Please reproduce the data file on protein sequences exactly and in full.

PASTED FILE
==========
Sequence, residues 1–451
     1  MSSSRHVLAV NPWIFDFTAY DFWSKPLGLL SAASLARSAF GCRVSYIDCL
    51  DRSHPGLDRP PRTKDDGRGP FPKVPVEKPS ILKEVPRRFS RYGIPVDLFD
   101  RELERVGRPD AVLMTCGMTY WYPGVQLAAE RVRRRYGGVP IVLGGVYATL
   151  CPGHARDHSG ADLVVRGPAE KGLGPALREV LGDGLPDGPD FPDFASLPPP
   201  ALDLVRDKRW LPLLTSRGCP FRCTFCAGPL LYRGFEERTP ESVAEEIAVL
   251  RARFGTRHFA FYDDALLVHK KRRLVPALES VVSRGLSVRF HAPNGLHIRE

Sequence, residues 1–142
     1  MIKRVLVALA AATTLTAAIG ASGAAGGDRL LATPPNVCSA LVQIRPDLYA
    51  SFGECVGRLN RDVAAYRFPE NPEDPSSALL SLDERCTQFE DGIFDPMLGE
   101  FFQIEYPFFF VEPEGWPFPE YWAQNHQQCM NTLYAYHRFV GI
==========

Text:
Sequence, residues 1–451
     1  MSSSRHVLAV NPWIFDFTAY DFWSKPLGLL SAASLARSAF GCRVSYIDCL
    51  DRSHPGLDRP PRTKDDGRGP FPKVPVEKPS ILKEVPRRFS RYGIPVDLFD
   101  RELERVGRPD AVLMTCGMTY WYPGVQLAAE RVRRRYGGVP IVLGGVYATL
   151  CPGHARDHSG ADLVVRGPAE KGLGPALREV LGDGLPDGPD FPDFASLPPP
   201  ALDLVRDKRW LPLLTSRGCP FRCTFCAGPL LYRGFEERTP ESVAEEIAVL
   251  RARFGTRHFA FYDDALLVHK KRRLVPALES VVSRGLSVRF HAPNGLHIRE

Sequence, residues 1–142
     1  MIKRVLVALA AATTLTAAIG ASGAAGGDRL LATPPNVCSA LVQIRPDLYA
    51  SFGECVGRLN RDVAAYRFPE NPEDPSSALL SLDERCTQFE DGIFDPMLGE
   101  FFQIEYPFFF VEPEGWPFPE YWAQNHQQCM NTLYAYHRFV GI